Mohamed Elshinawy: FBI Arrests Man Accused Of Receiving $9,000 From ISIS To Orchestrate Terror Attack In The U.S.

The Federal Bureau of Investigation (FBI) has filed a criminal complaint against a Maryland man who has been accused of receiving over $9,000 from the ISIS to finance a terrorist attack in the United States. According to CNN, in a complaint filed against the man on Monday, the man who has been identified as 30-year-old Mohamed Elshinawy, was arrested by FBI officials on Friday. Elshinawy was charged with "attempting to provide material support to a designated foreign terrorist organization, obstruction of an investigation and making false statements," the report added.

The criminal complaint alleges that Mohamed Elshinawy received around $8,700 from ISIS for "nefarious purposes" from people that he believed had connections with the Islamic State. Most of the money was sent via PayPal and Western Union money transfers, a Washington Post report adds.

Following Elshinawy's arrest, Assistant Attorney General Carlin released a statement.

"According to the allegations in the complaint, Mohamed Elshinawy received money he believed was provided by ISIS in order to conduct an attack on U.S. soil,"
FBI officials have been tracking the activities of Elshinawy since earlier this year. In June, they received information about him receiving $1,000 from an individual in Egypt. Elshinawy was detained and questioned in what has been termed a "non custodial interview" back in July. Back then, Elshinawy claimed the money was sent to him by his mother who lives in Egypt. However, after they showed him records of payments from Western Union, he admitted that the money was received from one of his childhood friends in Egypt who connected him to an "unidentified ISIS operative."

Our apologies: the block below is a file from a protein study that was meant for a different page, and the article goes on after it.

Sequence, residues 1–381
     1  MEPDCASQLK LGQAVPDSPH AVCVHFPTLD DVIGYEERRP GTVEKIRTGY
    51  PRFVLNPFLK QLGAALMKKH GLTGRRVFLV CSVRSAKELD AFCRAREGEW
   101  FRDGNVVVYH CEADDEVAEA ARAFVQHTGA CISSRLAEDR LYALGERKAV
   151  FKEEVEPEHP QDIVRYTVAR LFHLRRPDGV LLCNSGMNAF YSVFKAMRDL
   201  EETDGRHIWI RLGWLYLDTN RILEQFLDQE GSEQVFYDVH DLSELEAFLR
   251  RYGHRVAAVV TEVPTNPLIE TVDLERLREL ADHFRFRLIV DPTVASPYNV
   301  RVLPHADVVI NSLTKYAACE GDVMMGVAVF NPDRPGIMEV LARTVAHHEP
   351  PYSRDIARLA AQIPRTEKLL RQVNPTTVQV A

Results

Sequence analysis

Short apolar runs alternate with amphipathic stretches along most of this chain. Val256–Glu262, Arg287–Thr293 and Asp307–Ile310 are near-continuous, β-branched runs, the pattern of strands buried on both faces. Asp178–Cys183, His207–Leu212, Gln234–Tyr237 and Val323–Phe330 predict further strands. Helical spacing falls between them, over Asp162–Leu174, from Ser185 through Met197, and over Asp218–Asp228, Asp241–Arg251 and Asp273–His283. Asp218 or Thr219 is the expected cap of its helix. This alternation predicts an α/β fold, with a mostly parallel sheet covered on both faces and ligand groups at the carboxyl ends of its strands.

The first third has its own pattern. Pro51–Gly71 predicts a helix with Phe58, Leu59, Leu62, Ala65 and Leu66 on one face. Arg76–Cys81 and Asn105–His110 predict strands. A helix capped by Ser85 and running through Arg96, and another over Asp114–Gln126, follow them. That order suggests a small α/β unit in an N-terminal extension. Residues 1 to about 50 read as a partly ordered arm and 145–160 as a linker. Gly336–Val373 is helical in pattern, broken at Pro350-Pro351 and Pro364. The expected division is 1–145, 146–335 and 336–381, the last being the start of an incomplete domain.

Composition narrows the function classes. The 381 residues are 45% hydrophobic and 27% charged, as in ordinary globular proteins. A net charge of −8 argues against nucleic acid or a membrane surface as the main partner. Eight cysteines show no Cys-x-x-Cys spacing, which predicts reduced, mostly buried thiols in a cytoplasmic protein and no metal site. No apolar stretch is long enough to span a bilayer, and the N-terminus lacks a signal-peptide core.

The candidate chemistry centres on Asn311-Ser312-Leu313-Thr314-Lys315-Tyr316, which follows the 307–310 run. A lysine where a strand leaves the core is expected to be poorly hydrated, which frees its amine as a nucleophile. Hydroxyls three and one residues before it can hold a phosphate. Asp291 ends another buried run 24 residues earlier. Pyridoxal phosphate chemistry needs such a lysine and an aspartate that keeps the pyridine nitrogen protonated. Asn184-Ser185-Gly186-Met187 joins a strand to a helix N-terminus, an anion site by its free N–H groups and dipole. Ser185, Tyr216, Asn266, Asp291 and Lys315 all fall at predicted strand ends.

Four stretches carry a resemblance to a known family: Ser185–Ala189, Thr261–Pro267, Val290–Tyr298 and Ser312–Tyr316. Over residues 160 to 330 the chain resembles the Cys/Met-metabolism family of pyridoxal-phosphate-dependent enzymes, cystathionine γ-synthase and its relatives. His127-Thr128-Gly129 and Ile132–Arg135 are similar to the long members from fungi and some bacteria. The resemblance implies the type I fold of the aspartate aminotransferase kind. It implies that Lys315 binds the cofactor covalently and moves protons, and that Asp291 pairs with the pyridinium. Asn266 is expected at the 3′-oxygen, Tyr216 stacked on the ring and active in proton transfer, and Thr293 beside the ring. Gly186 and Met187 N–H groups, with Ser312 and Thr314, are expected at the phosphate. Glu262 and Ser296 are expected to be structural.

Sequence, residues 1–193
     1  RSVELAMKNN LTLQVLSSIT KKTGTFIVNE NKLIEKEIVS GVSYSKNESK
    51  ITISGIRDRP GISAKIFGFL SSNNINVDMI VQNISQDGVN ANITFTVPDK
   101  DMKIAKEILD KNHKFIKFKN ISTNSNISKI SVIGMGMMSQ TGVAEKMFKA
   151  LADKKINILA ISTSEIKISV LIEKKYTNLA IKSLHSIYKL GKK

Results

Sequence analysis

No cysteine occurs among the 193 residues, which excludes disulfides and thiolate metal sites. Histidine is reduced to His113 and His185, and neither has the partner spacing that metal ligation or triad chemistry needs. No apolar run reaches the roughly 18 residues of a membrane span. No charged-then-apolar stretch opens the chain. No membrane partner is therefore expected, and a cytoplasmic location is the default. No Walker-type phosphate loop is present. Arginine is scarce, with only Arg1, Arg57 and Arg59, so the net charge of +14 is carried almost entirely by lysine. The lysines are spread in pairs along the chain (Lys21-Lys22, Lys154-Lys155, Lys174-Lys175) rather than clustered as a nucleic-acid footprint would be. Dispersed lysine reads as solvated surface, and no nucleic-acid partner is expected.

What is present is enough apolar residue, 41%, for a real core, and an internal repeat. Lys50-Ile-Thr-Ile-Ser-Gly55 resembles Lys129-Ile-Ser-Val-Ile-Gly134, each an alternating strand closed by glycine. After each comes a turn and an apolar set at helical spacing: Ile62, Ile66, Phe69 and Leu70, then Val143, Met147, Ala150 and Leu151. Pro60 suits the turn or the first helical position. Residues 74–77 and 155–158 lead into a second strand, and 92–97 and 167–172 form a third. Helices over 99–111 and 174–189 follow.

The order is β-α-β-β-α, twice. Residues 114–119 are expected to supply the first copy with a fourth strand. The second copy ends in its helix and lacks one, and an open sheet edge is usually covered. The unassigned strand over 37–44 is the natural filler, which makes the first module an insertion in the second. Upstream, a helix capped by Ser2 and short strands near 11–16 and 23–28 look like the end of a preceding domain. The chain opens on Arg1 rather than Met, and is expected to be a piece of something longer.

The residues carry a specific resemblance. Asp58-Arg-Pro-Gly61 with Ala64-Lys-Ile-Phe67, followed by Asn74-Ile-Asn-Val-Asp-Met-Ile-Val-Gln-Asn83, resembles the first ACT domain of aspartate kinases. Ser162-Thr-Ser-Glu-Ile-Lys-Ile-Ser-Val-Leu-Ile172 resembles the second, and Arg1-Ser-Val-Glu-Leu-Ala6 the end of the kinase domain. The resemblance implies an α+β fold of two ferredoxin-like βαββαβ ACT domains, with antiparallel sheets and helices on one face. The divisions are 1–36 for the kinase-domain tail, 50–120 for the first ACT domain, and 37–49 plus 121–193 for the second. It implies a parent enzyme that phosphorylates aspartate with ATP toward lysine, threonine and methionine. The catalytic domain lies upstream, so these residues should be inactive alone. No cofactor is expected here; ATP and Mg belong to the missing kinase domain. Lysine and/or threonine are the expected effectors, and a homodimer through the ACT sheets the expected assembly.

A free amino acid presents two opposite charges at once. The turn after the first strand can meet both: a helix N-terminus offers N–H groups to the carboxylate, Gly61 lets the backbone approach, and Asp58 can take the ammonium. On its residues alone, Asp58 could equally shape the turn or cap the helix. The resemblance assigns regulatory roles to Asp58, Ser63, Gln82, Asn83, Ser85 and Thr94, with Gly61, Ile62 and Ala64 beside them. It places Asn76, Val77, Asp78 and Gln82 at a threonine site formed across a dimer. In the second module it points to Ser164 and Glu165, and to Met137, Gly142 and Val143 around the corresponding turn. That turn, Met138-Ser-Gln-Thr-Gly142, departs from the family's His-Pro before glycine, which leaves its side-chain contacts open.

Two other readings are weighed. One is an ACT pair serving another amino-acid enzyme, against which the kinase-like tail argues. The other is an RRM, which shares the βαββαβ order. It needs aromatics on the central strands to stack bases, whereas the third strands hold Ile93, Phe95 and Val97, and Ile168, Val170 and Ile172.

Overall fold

Upon further questioning, Elshinawy admitted to have received well over $4,000, which allegedly would have been used to finance a terrorist attack in the U.S. He did say that he never intended to carry out an attack himself. A few days later, Elshinawy admitted to have received another $1,200.

"Elshinawy sought to portray himself as someone who was simply trying to scam some money from ISIL members," the complaint said.

Some of the money he received from ISIS was spent to get himself a new laptop. He also bought several pay-as-you-go phones and used the money for personal expenses. Elshinawy, however, did not spend the money to buy weapons.

Mohamed Elshinawy
Elshinawy could have used the money to buy arms. [Photo by San Bernardino County Sherrif's Department via Getty Images]Ever since he was under the FBI scanner, officials were tracing his online activities and found that Elshinawy had pledged allegiance to ISIS on February 17. He reportedly told a childhood friend, he was "a soldier of the state but was temporarily away," according to the complaint. In a message sent to his brother, who lives in the Middle East, Elshinawy confessed that he had pledged allegiance to the ISIS and that he had received money from them. He also added that he would receive more money from them.

Following questioning by the FBI in July, Elshinawy made several attempts to hide his past communications with alleged ISIS operatives from Egypt, the complaint alleges.

If convicted, of all the charges filed against him, Mohamed Elshinawy could face up to 31 years in prison. The primary charge that he faces is attempting to provide material support to a designated foreign terrorist organization for which he faces a 15 year prison sentence, if convicted. He also faces two other terrorism related charges, which could result in an 8 year sentence for each charge.

"This case demonstrates how terrorists exploit modern technology to inculcate sympathizers and build hidden networks," U.S. Attorney Rod Rosenstein said in a statement following Elshinawy's arrest.

The news of Elshinawy's arrest comes just a few days after the San Bernardino shootout carried out by ISIS supporters, Syed Rizwan Farook, and his wife, Tashfeen Malik.

[Photo by Matt Cardy/Getty Images]